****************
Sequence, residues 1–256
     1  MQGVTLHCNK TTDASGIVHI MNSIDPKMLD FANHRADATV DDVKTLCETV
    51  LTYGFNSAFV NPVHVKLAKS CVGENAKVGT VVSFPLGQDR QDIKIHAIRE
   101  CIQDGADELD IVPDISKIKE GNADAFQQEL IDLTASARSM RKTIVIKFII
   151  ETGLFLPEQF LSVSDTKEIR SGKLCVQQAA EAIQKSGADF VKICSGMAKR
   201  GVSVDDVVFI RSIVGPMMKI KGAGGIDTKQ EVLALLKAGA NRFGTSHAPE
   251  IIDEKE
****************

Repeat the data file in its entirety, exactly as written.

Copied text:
Sequence, residues 1–256
     1  MQGVTLHCNK TTDASGIVHI MNSIDPKMLD FANHRADATV DDVKTLCETV
    51  LTYGFNSAFV NPVHVKLAKS CVGENAKVGT VVSFPLGQDR QDIKIHAIRE
   101  CIQDGADELD IVPDISKIKE GNADAFQQEL IDLTASARSM RKTIVIKFII
   151  ETGLFLPEQF LSVSDTKEIR SGKLCVQQAA EAIQKSGADF VKICSGMAKR
   201  GVSVDDVVFI RSIVGPMMKI KGAGGIDTKQ EVLALLKAGA NRFGTSHAPE
   251  IIDEKE